Opt-out rather than opt-in consent
Using opt-out consent rather than opt-in consent may improve recruitment.
The absolute increase is 19% (95% CI = 3% to 35%)1
LOW CERTAINTY in the evidence (but see 'What we don't know' below)
1 Treweek S, Pitkethly M, Cook J, Fraser C, Mitchell E, Sullivan F, Jackson C, Taskila TK, Gardner H. Strategies to improve recruitment to randomised trials. Cochrane Database of Systematic Reviews 2018, Issue 2.
The practical impact of opt-out consent
Imagine a trial that needs to recruit 30 participants and initial recruitment is 30% of those approached. This means you'd need to approach 100 people to recruit 30 of them (see chart below).
Now imagine using a opt-out consent. The chart below shows the impact of an absolute increase of 19% (95% CI = 3% to 35%)1. Recruitment is now 49%, which means our best estimate is that 61 people would need to be approached to recruit 30 of them.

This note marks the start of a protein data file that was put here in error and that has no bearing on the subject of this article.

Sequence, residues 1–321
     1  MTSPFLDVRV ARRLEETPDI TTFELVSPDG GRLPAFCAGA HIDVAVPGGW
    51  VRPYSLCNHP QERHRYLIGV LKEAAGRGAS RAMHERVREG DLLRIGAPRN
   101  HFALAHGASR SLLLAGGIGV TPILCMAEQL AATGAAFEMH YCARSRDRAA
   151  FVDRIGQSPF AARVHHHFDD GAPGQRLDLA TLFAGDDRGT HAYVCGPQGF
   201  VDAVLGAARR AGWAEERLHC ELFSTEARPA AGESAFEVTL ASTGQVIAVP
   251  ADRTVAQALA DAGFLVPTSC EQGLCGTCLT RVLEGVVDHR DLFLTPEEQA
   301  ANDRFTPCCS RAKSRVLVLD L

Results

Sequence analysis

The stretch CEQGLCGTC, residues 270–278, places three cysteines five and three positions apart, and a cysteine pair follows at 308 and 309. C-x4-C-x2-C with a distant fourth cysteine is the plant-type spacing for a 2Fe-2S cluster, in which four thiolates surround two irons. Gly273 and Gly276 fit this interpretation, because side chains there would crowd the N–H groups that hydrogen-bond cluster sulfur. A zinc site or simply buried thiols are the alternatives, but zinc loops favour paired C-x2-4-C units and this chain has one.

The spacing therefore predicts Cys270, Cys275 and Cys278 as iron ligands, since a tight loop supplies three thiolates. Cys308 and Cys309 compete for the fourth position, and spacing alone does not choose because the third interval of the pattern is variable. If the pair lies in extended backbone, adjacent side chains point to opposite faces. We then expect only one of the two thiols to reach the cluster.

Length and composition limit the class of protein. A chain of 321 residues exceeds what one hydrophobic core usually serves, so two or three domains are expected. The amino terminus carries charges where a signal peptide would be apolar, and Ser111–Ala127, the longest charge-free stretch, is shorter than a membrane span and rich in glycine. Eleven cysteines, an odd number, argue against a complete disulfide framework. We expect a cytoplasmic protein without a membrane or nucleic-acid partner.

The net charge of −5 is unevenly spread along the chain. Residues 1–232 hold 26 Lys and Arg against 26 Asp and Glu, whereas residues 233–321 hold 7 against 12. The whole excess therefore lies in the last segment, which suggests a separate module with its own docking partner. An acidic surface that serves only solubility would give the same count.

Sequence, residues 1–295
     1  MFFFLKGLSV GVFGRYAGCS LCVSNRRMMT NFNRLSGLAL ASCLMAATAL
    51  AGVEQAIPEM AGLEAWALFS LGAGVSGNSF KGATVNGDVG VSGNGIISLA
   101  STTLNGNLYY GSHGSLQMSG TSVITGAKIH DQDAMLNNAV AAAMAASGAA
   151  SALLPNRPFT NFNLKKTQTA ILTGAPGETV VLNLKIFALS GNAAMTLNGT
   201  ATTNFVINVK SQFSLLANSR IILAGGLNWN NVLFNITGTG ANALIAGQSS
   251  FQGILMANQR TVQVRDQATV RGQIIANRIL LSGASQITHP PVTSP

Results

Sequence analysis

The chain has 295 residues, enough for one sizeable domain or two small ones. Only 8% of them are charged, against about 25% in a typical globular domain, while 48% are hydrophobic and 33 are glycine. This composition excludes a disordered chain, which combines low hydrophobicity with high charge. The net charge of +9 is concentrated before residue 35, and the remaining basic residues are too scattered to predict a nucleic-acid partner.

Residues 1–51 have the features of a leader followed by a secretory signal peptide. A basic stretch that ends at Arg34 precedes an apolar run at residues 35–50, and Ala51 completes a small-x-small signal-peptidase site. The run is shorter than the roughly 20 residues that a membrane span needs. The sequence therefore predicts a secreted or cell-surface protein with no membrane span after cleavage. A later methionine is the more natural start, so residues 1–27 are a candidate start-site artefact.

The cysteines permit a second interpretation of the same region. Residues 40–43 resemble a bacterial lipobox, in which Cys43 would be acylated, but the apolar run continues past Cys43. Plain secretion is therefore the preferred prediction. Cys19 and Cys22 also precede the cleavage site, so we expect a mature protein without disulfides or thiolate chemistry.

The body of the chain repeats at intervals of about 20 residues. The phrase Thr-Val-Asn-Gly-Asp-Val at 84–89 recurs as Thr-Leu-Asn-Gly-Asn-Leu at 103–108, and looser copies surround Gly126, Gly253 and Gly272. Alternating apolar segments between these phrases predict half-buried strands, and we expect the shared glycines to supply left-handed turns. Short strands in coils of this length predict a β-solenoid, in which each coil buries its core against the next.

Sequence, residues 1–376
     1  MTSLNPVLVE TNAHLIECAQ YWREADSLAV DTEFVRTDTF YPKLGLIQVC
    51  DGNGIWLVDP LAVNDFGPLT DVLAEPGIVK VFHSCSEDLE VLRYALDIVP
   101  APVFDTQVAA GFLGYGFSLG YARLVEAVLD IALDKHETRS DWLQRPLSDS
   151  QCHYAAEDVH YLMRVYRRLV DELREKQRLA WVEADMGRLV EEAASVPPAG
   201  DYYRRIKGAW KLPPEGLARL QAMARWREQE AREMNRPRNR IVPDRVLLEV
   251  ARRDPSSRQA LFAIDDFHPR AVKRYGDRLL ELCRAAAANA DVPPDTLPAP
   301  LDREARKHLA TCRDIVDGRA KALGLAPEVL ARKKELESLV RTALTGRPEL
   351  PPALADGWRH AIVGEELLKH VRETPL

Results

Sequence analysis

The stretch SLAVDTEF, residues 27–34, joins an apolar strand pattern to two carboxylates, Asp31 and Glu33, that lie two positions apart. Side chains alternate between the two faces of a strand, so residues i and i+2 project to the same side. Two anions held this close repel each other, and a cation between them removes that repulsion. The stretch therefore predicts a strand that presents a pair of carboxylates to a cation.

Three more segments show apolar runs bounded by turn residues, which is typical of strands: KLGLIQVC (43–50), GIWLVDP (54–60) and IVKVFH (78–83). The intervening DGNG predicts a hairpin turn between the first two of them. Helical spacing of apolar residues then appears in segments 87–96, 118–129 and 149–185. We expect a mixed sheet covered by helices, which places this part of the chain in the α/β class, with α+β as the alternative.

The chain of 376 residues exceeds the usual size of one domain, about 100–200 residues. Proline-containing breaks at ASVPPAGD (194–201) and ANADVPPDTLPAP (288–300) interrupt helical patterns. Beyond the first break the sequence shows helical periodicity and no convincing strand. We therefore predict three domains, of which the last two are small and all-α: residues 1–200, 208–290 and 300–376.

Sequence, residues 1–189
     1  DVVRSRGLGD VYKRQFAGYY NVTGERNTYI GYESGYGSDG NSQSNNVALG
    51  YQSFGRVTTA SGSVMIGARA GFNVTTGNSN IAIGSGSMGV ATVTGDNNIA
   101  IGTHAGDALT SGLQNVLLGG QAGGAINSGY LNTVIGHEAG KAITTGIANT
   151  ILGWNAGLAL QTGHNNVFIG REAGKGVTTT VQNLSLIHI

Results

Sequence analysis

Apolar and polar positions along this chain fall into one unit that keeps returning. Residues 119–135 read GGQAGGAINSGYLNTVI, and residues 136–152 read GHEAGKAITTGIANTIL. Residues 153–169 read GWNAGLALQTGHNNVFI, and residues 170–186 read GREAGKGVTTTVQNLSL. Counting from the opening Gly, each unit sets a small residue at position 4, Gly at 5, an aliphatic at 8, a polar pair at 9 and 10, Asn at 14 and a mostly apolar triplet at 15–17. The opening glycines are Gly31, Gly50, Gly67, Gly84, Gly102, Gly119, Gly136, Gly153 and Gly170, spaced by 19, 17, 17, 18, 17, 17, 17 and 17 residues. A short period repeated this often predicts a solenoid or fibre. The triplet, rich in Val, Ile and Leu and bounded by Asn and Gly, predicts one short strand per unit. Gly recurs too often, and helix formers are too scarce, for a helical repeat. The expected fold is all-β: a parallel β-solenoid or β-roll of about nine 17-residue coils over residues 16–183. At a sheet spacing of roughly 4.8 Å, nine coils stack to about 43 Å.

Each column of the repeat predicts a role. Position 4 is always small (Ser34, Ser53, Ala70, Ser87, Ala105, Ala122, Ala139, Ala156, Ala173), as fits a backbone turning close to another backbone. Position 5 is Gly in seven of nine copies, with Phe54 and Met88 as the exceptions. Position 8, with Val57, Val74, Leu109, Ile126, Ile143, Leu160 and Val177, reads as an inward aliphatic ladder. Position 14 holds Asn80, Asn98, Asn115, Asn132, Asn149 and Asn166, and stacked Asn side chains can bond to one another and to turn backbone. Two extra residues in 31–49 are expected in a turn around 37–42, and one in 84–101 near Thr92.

Where has opt-out consent been tested?
Study 1: Trevena 2006
Participants were aged 50 to 74 and eligible for a colorectal cancer screening trial.
Primary care, Australia.
66.6% of those allocated to opt-out consent were recruited; 46.7% of those allocated to opt-in consent were recruited.
What we still don’t know about op-out consent
- The information we have is based on a single trial. The distribution of participants between intervention and comparison groups is uneven: 60 versus 92, respectively. This was due to a change in legislation in Australia, which meant that the trialists could no longer continue with the opt-out procedure and had to change to opt-in to keep their ethical approval. Ideally we need to test this intervention in more trials.
- Please get in touch (email firstname.lastname@example.org) if you would like to do an evaluation because we can help with text for ethics etc.